3. Evaluating interventions comprehensively (ie, including formative, process, and summative evaluations), along with examining the barriers and facilitators to implementation, thereby identifying effective interventions and a clear understanding of scalability.20
  4. Disseminating research through national and international conferences, generating awareness, and building research networks. Consider alternative avenues to traditional academic journals to communicate with stakeholders, decision makers, and practitioners, such as presentations, blogs, or public engagement events.
  5. Consider consumer research to demonstrate public support for PA advocacy objectives.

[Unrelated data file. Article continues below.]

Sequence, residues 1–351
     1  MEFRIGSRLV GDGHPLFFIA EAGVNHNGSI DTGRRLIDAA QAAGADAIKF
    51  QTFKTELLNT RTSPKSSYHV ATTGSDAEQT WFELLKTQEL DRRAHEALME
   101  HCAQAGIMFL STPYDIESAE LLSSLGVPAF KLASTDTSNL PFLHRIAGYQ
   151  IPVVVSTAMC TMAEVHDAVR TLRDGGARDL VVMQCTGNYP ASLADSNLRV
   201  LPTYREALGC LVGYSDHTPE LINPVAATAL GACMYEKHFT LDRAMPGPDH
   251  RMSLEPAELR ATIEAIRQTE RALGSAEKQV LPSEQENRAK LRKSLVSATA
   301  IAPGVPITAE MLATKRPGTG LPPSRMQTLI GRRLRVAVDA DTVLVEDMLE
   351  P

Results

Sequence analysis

Focus Area 2—Practice/Workforce

There is a clear need to work with and inform practice across multiple sectors. PA promotion can inform and be informed by a variety of other sectors, such as transportation, education, urban planning, tourism, architecture, climate, and academia. Moreover, there is a need to cover a range of levels of the workforce, from government to grassroots delivery. ECPs can contribute to the practice focus in multiple ways, such as:

  1. Joining and contributing to the work of professional societies from the behavioral medicine and/or PA and health-related fields (ie, encouraging a cross-pollination of knowledge).
  2. Mobilizing consensus across sectors and a common voice around priority GAPPA actions.
  3. Being open to informing and being informed by practice “beyond health professionals,” such as transportation, education, urban planning, tourism, architecture, politics, and climate professionals.